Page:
Hero to rogue faster than Bolt
The truth is the cliché of money being the root of all evil, writes DAVID KNOWLES.
LANCE Armstrong’s revelations on using banned substances in all his seven Tour de France wins, has left the sporting world reeling.
An inspiration to many, he has been tossed on the rubbish heap by many, seen as a cheat, a liar and more than a fallen hero. He has gone from hero to rogue faster than Usain Bolt, without drugs (we hope), runs the 100 metres.
It’s tarnished sport, not just cycling, and, for the purists, begs the question of what happened in the days when sport was a genuine contest between teams or individuals, where the winner was determined through raw ability, honest stamina and natural talent.
The only boost allowed was a drink of water in more instances and the winner of a contest knew it was because he or she was better on the day, no questions asked. Now there is doubt in all codes. Past victories are being discussed and dissected — was it done honestly? Did the victor actually cheat to get a better advantage over the rest of the field? Is the winner, in most instances, an overnight sporting god to country and citizens or does he/she harbour a dark inner secret which only constant torment and a guilty conscience can uncover?
There’s much to consider, but the sad offshoot of such a scandal in professional sport is the scourge of hoping to perform better spreading into school sport and a win at all costs attitude. There’s no doubt there is intense pride and pressure at school level in all sport codes and sadly, in South Africa, it’s no secret that steroids and performance enhancing substances are being used to reach a desired level and achieve the ultimate result.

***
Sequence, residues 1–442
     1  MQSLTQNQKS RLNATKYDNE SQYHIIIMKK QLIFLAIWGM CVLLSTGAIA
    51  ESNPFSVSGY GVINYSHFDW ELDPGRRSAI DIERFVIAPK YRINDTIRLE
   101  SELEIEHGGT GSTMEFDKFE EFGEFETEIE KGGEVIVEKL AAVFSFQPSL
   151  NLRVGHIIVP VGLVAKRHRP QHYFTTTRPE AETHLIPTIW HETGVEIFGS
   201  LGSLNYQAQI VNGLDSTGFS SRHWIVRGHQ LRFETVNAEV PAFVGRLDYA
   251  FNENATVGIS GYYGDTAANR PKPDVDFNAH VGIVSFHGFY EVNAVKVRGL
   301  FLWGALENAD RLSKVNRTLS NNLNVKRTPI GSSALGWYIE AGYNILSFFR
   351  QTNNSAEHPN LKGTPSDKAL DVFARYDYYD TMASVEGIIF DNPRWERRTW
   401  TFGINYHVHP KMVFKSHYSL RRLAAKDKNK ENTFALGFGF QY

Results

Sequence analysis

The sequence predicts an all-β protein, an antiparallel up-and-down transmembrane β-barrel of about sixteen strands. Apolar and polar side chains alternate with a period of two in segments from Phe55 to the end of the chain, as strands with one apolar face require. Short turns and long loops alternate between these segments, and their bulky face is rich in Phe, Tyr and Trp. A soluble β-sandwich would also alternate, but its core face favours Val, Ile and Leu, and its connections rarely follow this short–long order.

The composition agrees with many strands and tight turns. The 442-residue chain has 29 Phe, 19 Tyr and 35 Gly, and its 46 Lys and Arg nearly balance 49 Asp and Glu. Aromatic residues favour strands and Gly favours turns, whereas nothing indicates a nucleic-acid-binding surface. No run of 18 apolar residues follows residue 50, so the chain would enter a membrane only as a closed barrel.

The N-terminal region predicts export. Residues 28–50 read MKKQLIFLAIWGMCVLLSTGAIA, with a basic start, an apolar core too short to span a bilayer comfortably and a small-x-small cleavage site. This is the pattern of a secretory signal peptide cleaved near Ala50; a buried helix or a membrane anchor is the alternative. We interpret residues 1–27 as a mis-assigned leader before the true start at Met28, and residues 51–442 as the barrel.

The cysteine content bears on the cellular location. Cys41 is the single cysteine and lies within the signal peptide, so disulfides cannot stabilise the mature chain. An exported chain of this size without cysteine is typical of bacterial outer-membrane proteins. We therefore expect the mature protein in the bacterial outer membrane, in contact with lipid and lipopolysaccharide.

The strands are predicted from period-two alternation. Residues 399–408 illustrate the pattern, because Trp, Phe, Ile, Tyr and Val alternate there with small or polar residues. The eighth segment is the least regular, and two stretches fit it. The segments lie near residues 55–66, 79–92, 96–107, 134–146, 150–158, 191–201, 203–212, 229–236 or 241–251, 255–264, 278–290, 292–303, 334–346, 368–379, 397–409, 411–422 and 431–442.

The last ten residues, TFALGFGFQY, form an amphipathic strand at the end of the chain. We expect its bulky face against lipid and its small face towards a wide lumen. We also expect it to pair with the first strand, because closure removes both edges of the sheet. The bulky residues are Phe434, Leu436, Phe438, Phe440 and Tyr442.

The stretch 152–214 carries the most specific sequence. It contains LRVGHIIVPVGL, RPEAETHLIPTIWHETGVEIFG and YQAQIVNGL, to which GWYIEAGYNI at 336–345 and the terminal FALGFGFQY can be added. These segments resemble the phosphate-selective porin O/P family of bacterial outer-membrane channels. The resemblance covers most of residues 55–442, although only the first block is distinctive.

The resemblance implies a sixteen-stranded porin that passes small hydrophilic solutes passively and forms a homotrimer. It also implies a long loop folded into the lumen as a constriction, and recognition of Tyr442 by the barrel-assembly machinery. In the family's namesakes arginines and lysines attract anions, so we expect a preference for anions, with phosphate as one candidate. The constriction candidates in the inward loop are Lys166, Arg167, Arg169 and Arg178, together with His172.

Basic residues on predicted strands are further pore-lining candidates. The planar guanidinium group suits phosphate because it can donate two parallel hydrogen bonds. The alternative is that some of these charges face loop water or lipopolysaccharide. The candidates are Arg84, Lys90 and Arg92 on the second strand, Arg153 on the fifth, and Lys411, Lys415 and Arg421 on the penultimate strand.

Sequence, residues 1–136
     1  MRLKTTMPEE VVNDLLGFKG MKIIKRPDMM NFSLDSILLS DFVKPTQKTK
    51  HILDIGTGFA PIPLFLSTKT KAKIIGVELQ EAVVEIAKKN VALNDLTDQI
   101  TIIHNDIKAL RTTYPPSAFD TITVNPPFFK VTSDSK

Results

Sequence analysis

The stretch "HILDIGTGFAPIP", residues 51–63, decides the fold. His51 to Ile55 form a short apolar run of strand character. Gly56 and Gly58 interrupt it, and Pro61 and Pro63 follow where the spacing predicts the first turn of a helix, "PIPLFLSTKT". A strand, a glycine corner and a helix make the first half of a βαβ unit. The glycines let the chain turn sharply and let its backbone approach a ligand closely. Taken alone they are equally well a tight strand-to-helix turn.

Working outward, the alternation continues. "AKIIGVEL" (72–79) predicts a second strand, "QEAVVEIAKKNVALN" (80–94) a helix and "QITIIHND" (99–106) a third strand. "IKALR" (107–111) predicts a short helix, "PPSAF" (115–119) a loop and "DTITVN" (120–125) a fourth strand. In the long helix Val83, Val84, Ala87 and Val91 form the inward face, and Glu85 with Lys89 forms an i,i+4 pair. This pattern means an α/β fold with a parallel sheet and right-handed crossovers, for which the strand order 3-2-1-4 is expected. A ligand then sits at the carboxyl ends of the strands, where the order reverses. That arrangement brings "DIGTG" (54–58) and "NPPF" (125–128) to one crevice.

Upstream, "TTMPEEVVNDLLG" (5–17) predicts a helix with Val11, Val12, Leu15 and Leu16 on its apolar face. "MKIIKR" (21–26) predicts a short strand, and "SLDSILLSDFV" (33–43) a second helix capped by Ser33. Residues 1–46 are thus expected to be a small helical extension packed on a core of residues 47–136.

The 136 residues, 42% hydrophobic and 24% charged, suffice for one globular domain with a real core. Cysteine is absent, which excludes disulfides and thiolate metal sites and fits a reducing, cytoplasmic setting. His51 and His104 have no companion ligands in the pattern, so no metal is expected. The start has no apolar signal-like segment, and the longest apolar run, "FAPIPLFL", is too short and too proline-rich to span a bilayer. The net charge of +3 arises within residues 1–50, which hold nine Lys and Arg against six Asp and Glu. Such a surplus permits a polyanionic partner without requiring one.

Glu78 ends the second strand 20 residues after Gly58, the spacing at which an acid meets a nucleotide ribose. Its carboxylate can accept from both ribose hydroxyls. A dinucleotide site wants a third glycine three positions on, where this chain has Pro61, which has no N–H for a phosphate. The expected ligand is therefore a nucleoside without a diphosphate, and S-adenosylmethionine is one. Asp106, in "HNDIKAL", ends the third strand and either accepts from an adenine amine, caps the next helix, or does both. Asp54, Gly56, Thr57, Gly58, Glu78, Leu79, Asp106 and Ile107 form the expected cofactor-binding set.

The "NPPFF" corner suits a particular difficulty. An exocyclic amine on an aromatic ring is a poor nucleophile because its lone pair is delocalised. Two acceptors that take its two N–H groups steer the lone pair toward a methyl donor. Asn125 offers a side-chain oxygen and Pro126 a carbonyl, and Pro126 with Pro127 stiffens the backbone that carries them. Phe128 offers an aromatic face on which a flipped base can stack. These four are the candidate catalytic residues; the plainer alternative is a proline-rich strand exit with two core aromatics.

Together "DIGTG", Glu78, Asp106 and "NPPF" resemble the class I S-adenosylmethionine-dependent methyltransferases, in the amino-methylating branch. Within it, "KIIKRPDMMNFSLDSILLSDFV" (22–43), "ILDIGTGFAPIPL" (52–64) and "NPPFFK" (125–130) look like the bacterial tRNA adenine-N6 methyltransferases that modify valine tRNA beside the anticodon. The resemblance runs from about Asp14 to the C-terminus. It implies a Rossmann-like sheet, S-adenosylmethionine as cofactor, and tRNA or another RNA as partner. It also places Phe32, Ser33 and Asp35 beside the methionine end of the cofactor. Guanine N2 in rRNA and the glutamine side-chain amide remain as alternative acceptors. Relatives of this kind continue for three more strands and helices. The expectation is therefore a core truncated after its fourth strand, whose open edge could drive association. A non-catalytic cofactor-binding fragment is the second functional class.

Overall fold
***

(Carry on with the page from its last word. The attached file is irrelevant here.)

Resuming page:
It’s blatant cheating. Looking back through the history of sport, it’s frightening to see how long it took for an athlete to run a sub fourminute mile. Back then, Roger Bannister relied on his God-given talent, his will and drive to create history and set a new sporting standard. He trained hard, he prepared physically and mentally and he went out there and achieved what was then seen as the “impossible”. It was only seen as that because no-one believed the human body, in it’s raw state without any enhancement, could achieve such a milestone. It’s history that it was achieved, but since then, athletic records have continued to tumble left and right, with relative ease as, somehow, the human body gains new zeniths.
How is this possible? Is there something different in the food we eat, the lifestyles we enjoy? Truth is, it’s none of the above, but rather the old cliché of money being the root of all evil. The better an athlete “performs”, the more endorsements result, the more prestige, the more money. To a school sportsman, it’s another world, the world where he or she wants to be one day and sadly, in this day and age, it’s a case of not giving a continental on what means and measures are taken to get there.
The South African Institute for Drug Free Sport (Saids) CEO Khalid Galant has said: “It’s an open secret that performance enhancing drugs and substances are taken at schools.”